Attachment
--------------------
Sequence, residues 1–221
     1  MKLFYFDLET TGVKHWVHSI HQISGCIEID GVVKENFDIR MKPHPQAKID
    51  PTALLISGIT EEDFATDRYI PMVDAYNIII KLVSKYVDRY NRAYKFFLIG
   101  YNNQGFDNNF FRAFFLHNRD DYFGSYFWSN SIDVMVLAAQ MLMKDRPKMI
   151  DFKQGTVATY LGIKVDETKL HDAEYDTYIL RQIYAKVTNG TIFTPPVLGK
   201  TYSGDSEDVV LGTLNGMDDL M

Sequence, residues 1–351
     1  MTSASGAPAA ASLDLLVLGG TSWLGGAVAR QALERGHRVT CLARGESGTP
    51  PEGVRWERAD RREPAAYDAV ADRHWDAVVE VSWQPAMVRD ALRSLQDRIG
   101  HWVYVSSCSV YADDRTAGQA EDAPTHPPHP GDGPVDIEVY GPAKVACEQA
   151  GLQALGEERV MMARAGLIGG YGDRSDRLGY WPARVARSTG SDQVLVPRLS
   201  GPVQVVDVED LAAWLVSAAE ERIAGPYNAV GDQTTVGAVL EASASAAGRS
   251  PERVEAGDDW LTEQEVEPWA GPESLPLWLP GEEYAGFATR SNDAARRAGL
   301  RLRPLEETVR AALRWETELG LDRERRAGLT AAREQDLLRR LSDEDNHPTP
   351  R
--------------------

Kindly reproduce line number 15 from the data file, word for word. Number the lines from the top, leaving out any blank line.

   351  R